When I was a teenager, I loved computers. Back then it was really exciting to wait for the release of a new personal computer every year. My first PC was the NEC PC-6001MK2 which was the first Japanese PC with synthetic voice speaking ability – it had 64KB of memory and a cassette tape player. For more than 20 years, the world of computers was a very exciting place. There were always new technologies evolving in the industry and so many talented people shared that excitement.
Now, computers are even more advanced, but people are not as excited as before. The computer industry seems to have matured. Could we say the same for electronic trading?
Nine years ago, when I started to sell FIX engines in Tokyo, ‘STP’, ‘Electronic Trading’ and ‘FIX’ were the buzzwords. Having a FIX interface was an exciting thing and sometimes when an exchange introduced their FIX interface based on real needs, they also used it as a marketing tool. Electronic trading was a frontier of the financial industry and I met a lot of people with ‘frontier spirit’. Once an electronic trading link was established via FIX or other means, new services and strategies started to emerge, such as Proprietary Trading Systems, algorithms, Smart Order Routers (SORs) and dark pools.
These, along with technological advancement, brought a wave of colocation and low-latency products and the race is still going on. Now it seems that having ‘microsecond’ latencies is not surprising anymore. Would latency be exciting again if it were in nanoseconds? My guess is, probably not. While there are still ways to make money in electronic trading, the industry seems to have matured.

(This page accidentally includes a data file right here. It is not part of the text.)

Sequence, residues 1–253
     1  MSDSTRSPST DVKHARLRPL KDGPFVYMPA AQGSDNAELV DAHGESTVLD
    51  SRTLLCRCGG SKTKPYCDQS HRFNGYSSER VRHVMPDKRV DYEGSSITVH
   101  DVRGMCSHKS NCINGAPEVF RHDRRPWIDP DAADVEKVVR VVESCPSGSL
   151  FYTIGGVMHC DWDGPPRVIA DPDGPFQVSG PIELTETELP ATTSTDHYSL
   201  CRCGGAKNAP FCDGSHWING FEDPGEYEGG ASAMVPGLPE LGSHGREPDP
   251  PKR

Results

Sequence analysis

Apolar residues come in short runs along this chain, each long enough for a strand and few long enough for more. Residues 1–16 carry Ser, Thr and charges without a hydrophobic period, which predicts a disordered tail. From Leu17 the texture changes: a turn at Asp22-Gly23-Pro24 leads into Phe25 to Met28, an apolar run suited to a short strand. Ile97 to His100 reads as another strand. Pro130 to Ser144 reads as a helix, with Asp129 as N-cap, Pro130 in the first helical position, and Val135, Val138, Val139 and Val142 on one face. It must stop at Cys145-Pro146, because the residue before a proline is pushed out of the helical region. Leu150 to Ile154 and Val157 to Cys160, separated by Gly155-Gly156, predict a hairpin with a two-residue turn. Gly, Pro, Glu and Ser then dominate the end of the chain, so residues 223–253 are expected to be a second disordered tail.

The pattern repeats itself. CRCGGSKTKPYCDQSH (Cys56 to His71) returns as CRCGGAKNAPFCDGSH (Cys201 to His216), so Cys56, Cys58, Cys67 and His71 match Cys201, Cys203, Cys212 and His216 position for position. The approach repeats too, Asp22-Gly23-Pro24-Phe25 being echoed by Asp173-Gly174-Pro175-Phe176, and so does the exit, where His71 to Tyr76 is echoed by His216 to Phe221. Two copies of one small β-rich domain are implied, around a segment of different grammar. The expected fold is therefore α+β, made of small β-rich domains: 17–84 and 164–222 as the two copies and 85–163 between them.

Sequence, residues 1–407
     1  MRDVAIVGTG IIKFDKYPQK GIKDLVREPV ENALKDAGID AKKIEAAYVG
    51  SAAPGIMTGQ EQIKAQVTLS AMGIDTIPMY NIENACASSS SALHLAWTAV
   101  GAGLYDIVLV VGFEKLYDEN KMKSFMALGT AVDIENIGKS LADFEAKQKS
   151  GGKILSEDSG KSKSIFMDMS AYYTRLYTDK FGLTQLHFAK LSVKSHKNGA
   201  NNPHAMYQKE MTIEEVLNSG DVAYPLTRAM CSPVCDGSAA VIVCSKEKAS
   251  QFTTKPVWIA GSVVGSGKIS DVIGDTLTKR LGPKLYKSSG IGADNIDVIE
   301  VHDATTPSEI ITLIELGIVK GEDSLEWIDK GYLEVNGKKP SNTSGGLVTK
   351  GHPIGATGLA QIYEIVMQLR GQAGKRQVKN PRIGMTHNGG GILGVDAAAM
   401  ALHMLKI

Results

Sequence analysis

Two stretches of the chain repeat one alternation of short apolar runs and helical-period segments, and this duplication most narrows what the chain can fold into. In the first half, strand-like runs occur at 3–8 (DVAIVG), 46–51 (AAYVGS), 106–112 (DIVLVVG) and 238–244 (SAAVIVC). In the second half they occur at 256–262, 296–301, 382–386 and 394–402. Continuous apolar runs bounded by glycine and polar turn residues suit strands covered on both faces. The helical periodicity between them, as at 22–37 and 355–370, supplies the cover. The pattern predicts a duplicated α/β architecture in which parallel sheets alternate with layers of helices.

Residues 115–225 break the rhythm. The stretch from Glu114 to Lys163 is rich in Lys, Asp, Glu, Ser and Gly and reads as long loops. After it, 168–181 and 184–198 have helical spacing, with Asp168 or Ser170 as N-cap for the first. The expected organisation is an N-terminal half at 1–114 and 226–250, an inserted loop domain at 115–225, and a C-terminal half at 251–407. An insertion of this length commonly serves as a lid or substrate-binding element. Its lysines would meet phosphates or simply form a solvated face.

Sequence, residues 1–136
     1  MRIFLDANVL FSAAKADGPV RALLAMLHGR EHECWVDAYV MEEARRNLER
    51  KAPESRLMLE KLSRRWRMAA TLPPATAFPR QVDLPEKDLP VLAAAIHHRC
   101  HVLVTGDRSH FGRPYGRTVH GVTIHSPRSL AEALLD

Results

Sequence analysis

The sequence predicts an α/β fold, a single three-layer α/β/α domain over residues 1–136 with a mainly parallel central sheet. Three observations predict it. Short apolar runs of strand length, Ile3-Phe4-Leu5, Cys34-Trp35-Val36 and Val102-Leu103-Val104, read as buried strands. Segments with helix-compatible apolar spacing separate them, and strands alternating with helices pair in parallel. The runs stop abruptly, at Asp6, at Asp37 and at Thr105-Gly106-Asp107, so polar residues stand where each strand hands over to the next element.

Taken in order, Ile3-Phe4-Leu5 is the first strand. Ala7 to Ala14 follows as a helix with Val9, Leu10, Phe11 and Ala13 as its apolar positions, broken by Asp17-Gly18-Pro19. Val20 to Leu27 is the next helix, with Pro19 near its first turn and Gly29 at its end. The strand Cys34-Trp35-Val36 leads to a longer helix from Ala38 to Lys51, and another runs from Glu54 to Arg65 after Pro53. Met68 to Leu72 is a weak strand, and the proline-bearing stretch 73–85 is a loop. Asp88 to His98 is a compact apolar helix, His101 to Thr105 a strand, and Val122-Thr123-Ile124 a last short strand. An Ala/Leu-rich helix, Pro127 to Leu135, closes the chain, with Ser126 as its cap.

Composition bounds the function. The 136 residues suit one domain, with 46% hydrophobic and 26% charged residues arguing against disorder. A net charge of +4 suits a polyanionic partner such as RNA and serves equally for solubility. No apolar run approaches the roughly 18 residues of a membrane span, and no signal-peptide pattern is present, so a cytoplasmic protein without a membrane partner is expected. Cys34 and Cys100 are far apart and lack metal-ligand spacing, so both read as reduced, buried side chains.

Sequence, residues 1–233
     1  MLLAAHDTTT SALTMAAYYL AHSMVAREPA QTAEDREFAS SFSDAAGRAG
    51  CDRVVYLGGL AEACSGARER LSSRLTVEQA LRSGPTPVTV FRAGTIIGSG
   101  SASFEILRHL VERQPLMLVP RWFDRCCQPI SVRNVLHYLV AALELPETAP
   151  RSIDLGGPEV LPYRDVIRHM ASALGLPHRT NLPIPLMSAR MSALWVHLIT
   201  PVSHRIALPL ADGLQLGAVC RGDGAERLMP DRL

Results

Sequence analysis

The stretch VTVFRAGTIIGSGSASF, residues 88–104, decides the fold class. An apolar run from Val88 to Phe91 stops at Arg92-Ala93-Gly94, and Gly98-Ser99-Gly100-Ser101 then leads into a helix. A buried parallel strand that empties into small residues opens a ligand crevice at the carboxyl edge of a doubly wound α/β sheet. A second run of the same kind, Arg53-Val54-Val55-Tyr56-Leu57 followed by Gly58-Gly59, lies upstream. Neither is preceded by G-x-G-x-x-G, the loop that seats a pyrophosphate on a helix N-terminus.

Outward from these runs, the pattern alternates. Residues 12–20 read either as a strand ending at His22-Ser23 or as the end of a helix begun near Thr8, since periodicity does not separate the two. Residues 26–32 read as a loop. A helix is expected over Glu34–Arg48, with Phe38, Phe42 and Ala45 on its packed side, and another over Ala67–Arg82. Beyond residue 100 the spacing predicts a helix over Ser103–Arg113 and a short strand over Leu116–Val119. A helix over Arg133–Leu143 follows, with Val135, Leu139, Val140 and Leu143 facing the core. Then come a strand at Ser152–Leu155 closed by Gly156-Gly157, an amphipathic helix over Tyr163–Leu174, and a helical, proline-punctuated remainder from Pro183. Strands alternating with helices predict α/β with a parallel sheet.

Allow me to make another analogy: Japan. Japan has also matured socially and economically. Infrastructure is well established yet Japan’s boom period has long since passed. General sentiment is gloomy due to government resignations, a low birth rate, low economic growth, huge government debt, and reduced trade profits because of global competition.
Then the earthquake hit on 11 March 2011. Surprisingly, people were relatively calm in Tokyo, considering the magnitude of the event. There were many rumors circulating regarding the Fukushima Nuclear Power Plant, but people continued doing business as normally as possible. I will not repeat the grave details here, but I would like to point out that many people are starting to say that this event was a sign of change.
Now three months later, there are signs of recovery here and there. With disaster of this scale, it is obvious that help from the government is not sufficient to respond to the needs of all those people affected. Refugees are being supported by volunteers, families, neighbors and friends. There are over 2,000 refugee camps and some camps are better equipped than others.
One particular refugee camp I know is getting considerable support including food, trucks, bicycles and other living needs as well as comics for the kids – all of which are brought in by supporters. People visit the camp every weekend from Tokyo and the people in the camp welcome those supporters whole-heartedly. There was a strong mutual ‘trust’ established between the people in the camp and their supporters. The camp next to it is not doing so well; they accept donations and goods at the gate, but they do not welcome volunteers and supporters to visit their camp. There was no ‘trust’ here.